Vicar says bank account closed after trans protest

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An Anglican vicar says his bank account was closed after he accused it of pushing transgender ideology. 

The Rev Richard Fothergill said he politely complained to the Yorkshire Building Society (YBS) that it was promoting trans ideology during Pride month. 

The Times reports that he received a written response four days later from YBS stating that his internet savings account was to be closed after 17 years.

The letter stated that YBS had a "zero tolerance approach to discrimination" and that his feedback was "not tolerable". 

It also claimed that its relationship with Rev Fothergill had "irrevocably broken down".

"I wasn't even aware that our relationship had a problem. They are a financial house – they are not there to do social engineering. I think they should concentrate their efforts on managing money, instead of promoting LGBT ideology," the vicar told The Times.

"I know cancel culture exists and this is my first first-hand experience of it. I wouldn't want this bullying to happen to anyone else."

A spokesman for YBS responded: "We never close savings accounts based on different opinions regarding beliefs or feedback provided by our customers. We only ever make the difficult decision to close a savings account if a customer is rude, abusive, violent or discriminates in any way, based on the specific facts, comments and behaviour in each case."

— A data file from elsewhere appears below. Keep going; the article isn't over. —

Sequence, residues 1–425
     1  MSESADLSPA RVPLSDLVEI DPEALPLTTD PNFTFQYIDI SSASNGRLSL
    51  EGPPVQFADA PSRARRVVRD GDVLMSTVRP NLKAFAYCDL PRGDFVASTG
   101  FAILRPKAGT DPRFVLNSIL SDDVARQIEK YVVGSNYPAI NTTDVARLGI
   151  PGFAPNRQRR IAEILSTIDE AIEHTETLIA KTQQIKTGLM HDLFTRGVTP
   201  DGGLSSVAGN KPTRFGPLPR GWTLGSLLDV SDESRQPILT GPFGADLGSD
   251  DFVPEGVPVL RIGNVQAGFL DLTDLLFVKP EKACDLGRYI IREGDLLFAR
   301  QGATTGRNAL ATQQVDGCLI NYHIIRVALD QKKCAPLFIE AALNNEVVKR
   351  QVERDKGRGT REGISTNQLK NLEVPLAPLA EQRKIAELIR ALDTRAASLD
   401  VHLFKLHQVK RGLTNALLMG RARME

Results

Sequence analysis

Chancellor Jeremy Hunt is reportedly set to warn banks that they must protect free speech after Nigel Farage complained that his bank account was being closed without explanation. 

A Treasury source told the Daily Telegraph that it was "absolutely a concern" that banks and lenders may be dropping customers who hold unpopular views. 

"No one should have their bank account denied on the grounds of freedom of expression. We expect to take action on this issue within weeks," the source said.

Last week, The Core Issues Trust, which provides counselling for unwanted same-sex attraction or gender dysphoria, staged a protest outside the London headquarters of Barclays Bank after its account was closed in 2020.

Barclays last week settled with the trust and agreed to pay £21,500 in compensation plus legal costs.